Museo de Larco and Pre-Columbian culture

Larco museum
Entrance to the Larco Museum

I spent a large part of the morning trying to catch up a bit more on the blog. Having decided not to continue doing it when I arrived in Peru, I changed my mind but, by then, had about 10 days worth of writing and photo editing to complete so it has been a bit of a mission.

The agenda for the day was a visit to Museo de Larco, which houses a collection of pre-Columbian artefacts discovered by the archaeologist, Larco, who established, during his studies, that there were 7 epochs of civilisation prior to the arrival of the Spanish Conquistadores. These began somewhere in the region of 8,000 B.C.

Garden
A variety of cacti at the Larco Musuem

I caught a bus from the centre of Miraflores, near Kennedy Park, having asked one of the transport police which one to catch, as it is very confusing. I was dropped off on the corner of Bolivar Avenue and had to walk some way down the road to the Museum. This is set in a beautiful garden with a mass of colourful flowers, as well as a variety of cacti.

The Museum itself is extremely informative and well presented. I spent nearly 3 hours there admiring the various pots and textiles of the different epochs and it gave me a very good overview of the peoples that inhabited Peru prior to the Conquistadores’ arrival. It also houses a collection of Erotica, which contains some very sexually explicit artefacts!

I was absolutely astounded at the extent of items that they have in storage. Unlike most museums, these are on display in glass fronted shelves and, I believe, amount to about 50,000 exhibits. I can’t imagine how they chose what to put on permanent display.

Some very heavy jewellery worn by pre-Columbian ladies
Some very heavy jewellery worn by pre-Columbian ladies
Elaborate silver nose rings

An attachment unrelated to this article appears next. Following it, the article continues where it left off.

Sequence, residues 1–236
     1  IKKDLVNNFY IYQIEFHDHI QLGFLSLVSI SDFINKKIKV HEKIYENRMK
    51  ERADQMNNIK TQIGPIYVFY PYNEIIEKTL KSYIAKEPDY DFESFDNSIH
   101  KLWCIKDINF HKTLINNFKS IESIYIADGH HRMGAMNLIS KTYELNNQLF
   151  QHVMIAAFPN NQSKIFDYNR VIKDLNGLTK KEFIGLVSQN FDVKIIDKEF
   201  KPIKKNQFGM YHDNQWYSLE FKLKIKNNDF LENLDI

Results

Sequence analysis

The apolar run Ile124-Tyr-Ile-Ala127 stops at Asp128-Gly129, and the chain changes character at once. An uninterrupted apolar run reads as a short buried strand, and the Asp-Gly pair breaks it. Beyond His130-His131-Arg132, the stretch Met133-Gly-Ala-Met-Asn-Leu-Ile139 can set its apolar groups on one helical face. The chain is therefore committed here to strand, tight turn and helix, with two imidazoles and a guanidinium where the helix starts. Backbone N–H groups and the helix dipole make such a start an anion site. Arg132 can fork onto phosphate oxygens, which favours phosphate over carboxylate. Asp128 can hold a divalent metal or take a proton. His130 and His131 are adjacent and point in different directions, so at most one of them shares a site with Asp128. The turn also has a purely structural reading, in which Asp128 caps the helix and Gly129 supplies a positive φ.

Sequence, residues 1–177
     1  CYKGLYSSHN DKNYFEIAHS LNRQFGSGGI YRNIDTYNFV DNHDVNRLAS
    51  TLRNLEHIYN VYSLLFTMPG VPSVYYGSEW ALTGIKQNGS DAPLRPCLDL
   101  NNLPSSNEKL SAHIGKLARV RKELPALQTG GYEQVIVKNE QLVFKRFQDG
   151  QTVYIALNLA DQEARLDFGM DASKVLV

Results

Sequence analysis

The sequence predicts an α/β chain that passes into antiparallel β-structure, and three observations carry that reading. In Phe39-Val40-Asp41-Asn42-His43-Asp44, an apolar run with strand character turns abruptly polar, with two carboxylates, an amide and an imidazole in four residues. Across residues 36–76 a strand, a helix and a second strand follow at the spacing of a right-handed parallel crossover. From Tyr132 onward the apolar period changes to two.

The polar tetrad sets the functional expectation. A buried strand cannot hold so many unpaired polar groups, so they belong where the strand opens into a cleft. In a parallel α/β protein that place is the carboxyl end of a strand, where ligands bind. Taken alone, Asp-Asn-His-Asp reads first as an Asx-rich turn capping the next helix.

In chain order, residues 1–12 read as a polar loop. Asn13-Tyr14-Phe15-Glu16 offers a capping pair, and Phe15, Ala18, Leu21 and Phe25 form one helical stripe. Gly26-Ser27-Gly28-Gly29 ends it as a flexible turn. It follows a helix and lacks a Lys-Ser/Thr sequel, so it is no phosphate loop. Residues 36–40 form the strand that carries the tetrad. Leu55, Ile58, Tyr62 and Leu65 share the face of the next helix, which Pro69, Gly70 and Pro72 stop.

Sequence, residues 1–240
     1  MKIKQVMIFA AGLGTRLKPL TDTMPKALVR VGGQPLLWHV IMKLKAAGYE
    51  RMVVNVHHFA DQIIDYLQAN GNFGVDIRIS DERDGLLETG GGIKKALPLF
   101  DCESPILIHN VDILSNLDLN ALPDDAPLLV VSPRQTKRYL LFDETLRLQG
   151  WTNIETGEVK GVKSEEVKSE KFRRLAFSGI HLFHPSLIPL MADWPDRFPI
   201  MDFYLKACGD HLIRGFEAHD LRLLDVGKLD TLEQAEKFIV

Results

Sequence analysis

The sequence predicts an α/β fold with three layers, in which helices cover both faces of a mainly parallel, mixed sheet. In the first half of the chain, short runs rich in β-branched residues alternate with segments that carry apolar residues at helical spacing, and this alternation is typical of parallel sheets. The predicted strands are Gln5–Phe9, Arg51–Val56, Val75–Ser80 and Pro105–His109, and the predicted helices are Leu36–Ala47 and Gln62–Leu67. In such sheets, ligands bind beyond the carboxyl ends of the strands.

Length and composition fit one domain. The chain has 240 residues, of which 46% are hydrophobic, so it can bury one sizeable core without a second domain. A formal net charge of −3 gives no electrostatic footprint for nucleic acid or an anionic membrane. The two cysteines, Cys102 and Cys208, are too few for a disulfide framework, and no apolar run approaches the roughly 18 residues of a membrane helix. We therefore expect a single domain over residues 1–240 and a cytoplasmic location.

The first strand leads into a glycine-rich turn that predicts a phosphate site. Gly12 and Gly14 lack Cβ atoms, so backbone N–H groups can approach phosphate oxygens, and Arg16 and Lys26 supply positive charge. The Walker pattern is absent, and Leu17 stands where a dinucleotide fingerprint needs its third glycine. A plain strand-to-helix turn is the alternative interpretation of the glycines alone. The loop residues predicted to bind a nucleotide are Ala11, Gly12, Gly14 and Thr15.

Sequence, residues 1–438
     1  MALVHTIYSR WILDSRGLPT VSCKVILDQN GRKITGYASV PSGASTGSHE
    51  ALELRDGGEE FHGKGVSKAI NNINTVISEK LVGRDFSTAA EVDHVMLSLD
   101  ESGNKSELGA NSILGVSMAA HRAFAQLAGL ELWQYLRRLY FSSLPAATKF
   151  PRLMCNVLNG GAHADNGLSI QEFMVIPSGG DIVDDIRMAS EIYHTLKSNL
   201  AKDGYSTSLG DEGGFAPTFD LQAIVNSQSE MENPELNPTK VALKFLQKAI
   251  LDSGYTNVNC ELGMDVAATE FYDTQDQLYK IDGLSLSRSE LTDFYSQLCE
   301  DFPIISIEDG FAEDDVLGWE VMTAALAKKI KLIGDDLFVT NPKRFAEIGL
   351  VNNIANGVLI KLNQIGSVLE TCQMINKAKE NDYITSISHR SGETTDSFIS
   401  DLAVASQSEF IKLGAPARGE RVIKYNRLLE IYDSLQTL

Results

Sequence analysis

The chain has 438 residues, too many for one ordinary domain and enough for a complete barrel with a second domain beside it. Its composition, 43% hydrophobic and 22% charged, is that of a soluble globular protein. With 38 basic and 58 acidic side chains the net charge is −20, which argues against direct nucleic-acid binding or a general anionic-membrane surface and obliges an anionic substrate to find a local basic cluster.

Elaborate silver nose rings
Some of the items in storage at the Larco Museum
Some of the items in storage at the Larco Museum

On completion of my visit and having decided the cafe was far too expensive for lunch (and was full of an American tour group anyway), I went in search of a bus back to Miraflores.

Silver funereal wear
Silver funereal wear

I had seen some passing along the road when I had been walking to the Museum. Eventually one came along and I checked with the conductor that it was going to Miraflores. Belatedly, having tracked the route on Google maps on my phone, I realised that there must be another Miraflores. By this time, I was in a less than salubrious neighbourhood (naturally!). I got off and started walking past many, many automative shops and repair yards, and on in to welding land. For some reason, particular types of trade are always situated in one specific area. It was not a district in which I wished to linger.

At last, I reached the main road that led all the way down to the Miraflores I knew. I continued to walk as the buses looked full and I didn’t want to risk catching the wrong one again. So I walked, and I walked, and I walked. It didn’t look that far on the map but it must have taken me a good 1 1/2 hours to get back by which time my legs and feet were aching and I had had more than enough of the traffic. All thoughts of finding a nice cafe were gone so, instead, I went to the supermarket, bought a beer and some bread and returned to my patio where I could put my feet up. I can’t say it was in peace, as I could still hear all the car horns and alarms, which are incessant, but, at least, I was on my own and there were no traffic fumes.